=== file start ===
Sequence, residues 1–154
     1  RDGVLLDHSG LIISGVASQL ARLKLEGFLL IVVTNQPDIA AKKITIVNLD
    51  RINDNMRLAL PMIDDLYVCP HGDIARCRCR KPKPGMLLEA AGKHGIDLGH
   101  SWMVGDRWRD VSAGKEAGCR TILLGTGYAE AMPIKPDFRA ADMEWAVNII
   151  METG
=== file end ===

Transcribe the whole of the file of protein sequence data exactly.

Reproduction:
Sequence, residues 1–154
     1  RDGVLLDHSG LIISGVASQL ARLKLEGFLL IVVTNQPDIA AKKITIVNLD
    51  RINDNMRLAL PMIDDLYVCP HGDIARCRCR KPKPGMLLEA AGKHGIDLGH
   101  SWMVGDRWRD VSAGKEAGCR TILLGTGYAE AMPIKPDFRA ADMEWAVNII
   151  METG